Excerpts from a sermon preached on Nov. 18
St. Thomas’ Church, Whitemarsh, PA
Elie Wiesel has said, “The paths of the soul, overgrown, often know only the night, a very vast, very barren night, without landscapes.”
Most of us have experienced such long, dark, frightening and lonely nights invaded by disturbing dreams that awaken us in a puddle of sweat with the sheets tangled around our exhausted bodies, not certain of where we are, unable to fall back asleep, afraid to return to our dreams, afraid that we’ll never awake, or if we do, that the day will be worse than the night.
And yet, “The most glorious works of [human beings] are born of the night.” This prophet knows of what he speaks. Wiesel lived through the very long night of the Holocaust.
When I was a little girl with a vivid imagination, I frequently had dreams – actually nightmares – about what today I would call the end-times: concentration camps, nuclear bombs, devastating fires, unrelenting floods, famines, droughts and horrible wars. I had dreams of long lines of people marching off into nowhere, wandering around lost and confused in the midst of ruins, walking on the long, dismal highway that Cormac McCarthy vividly described in his 2006 novel, The Road.
In my dreams, I was always trying to survive and trying to figure out what to do to make the situation better.
The dreams went on for years. Finally, as a young adult, they got so bad that I couldn’t sleep. And so, with fear and trembling, I sought help from a Jungian analyst. For a while, the dreams got even more terrifying.
Largely, because of the dreams (and my work at understanding them), I began the ordination process and entered the Union Theological Seminary in New York City. And, because of the dreams (and the journey they demanded), I went to work for the Episcopal Church in the South Bronx.
The South Bronx of the early ’80s enfleshed the landscape of my dreams. My parish was in a neighborhood then called Fort Apache. There were bombed out buildings and pockmarked roads and sidewalks. Devastating fires raged day and night. When it rained, it usually flooded; when it snowed, the streets were impassable; when summer came, the little that was green turned brown.
In the midst of all this devastation, I not only survived, but I thrived. And I met lots of amazing people living there, surviving, thriving and working to make the neighborhood a better place to live.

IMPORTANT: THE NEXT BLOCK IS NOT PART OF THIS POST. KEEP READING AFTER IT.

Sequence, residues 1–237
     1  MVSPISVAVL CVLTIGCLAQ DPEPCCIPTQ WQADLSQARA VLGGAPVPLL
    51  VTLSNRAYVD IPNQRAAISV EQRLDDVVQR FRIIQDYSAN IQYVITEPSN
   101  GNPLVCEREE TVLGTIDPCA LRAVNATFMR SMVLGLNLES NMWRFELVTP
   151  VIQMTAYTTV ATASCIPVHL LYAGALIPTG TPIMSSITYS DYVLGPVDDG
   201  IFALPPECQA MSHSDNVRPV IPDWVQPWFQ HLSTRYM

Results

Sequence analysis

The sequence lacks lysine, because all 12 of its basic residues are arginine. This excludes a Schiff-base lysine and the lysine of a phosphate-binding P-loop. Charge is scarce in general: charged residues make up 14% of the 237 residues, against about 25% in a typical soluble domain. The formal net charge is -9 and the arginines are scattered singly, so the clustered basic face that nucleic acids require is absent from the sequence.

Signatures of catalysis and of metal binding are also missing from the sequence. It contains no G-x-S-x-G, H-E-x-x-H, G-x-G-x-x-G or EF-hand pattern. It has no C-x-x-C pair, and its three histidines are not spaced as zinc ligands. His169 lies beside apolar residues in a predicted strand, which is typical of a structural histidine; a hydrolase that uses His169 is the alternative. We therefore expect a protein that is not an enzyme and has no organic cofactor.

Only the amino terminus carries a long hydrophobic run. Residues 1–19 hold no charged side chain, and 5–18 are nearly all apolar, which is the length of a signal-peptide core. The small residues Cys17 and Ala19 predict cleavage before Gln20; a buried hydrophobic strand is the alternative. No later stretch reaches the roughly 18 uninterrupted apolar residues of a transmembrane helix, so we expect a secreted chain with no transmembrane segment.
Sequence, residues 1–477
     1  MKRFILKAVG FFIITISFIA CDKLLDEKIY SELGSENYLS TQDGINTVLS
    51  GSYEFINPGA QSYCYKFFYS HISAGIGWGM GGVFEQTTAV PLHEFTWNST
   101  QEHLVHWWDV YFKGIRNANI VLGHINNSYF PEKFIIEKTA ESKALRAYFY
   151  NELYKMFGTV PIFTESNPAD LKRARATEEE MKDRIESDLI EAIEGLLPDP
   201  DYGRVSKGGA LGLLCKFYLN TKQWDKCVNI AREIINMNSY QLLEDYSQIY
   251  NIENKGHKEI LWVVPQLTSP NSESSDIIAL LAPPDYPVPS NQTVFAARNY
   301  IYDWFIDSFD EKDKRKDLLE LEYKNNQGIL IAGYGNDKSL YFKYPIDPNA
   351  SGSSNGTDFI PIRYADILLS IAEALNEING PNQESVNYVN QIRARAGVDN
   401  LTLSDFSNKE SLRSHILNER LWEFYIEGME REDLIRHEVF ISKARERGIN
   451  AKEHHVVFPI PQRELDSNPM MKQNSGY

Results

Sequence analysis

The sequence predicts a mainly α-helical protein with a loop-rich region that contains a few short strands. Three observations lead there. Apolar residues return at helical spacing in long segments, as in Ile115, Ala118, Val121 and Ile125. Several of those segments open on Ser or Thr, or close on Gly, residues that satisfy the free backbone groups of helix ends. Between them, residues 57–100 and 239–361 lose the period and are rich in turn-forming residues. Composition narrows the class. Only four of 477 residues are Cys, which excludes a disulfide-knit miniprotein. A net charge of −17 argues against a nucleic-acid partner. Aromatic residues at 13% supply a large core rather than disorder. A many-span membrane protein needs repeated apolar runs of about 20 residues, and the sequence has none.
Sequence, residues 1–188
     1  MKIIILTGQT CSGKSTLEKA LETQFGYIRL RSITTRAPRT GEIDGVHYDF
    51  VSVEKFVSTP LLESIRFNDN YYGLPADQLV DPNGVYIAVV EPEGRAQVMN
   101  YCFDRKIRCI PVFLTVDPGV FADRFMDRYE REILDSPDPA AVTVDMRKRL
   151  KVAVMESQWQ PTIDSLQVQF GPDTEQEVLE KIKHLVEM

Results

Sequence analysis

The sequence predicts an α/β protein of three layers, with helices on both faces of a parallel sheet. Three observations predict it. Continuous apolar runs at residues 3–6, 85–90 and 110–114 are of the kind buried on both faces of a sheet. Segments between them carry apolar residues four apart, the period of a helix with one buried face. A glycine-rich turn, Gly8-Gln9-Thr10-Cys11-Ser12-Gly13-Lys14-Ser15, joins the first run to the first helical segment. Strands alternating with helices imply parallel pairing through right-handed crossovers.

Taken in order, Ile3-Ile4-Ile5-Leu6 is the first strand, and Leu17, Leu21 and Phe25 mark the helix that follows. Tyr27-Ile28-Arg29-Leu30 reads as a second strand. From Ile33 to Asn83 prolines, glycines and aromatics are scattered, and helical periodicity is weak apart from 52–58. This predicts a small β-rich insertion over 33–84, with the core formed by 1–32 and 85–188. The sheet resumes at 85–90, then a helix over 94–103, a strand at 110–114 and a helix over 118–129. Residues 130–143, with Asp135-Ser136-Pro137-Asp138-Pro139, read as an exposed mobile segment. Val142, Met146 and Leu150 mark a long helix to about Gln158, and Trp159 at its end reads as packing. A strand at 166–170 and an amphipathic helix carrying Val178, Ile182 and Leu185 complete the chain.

Living, working and praying in the landscape of my nightmares, I found myself becoming who God was calling me to be. And, as I discerned and tested my vocation, the wounds of my childhood nightmares were being healed.
However, my Spirit was angry. How could our society allow this kind of devastation and despair to continue? How could people put blinders on their eyes: looking straight ahead as they drove on the Cross Bronx Highway, praying that their car wouldn’t break down until they crossed the Westchester County line? With a new sense of passion and concern, I found myself – in my enthusiastic but adolescent faith – asking hard questions about economic and social justice and God’s sense of righteousness.
One day, I came across a new display of graffiti art. I stopped dead in my tracks and stared at the creation in front of me. On the wall of the local library was printed in large, bold, and colorful letters the word HOPE. It was like a burning bush, in the middle of the wilderness, commanding my attention, demanding my notice, telling me to stop and take off my shoes, for I was standing on holy ground.
There, in the midst of decay and despair, was the word of a brave new world – HOPE. But for what, I wondered? Did this graffiti speak of hope for the library and the children who sought refuge, recreation, and reading in its walls, hope for the adults who came there to relax and dream, and the elders who found it a safe place to sit and remember? Or was it hope for the neighborhood that still had a library, hope for the future of the community, or perhaps, hope for a life outside the South Bronx?
Once I saw the graffiti on the wall, my perspective changed. If some young graffiti artist could hope for this place, so could I. In fact, the hope of that graffiti artist demanded a response of hope from me. It was like a ram’s horn bidding me to see this community from God’s perspective and to act accordingly. Those four letters spray-painted on a public library offered me a glimpse of God’s dream for a city on the hill and called me to be a part of that dream. On that holy day, the nightmares finally ended, and my life’s work began.
Some thirty years, I’m learning to live with hope in spite of a life affected by dementia. Moreover, all around me, I see signs of great tribulation: fires in California, floods in North Carolina, earthquakes in Indonesia, wars in the Middle East, and gun violence in American cities. Yet, I am now convinced that creation is born out of destruction, brokenness begets wholeness, pain is the birth pang of joy, from death emerges new life.
In the words of St. Paul’s letter to the Church in Ephesus, “Our hope is in God whose power, working in us, can do infinitely more than we can ask or imagine.” (Ephesians 3:20)
Hear those words: “Our hope is in God whose power, working in us….” “Our hope is in God….working in us….” “Our hope is God…in us” It is a dream far greater than we can ask or imagine.
God has dreams for all people, perhaps most especially those living in the dark night. But it is up to us, even in the darkest of nights, to hold fast to the confession of our hope without wavering. In doing so, we provoke and encourage one another to love and good deeds. And then, God, whose power, working in us, will do infinitely more than we can ask or imagine.
Elie Wiesel, “Out of Despair.” This paper was read at the Karen Horney Thirty-Fourth Annual Lecture in New York on May 7, 1986. It was published in The American Journal of Psychoanalysis, Volume 50, No. 2, 1990.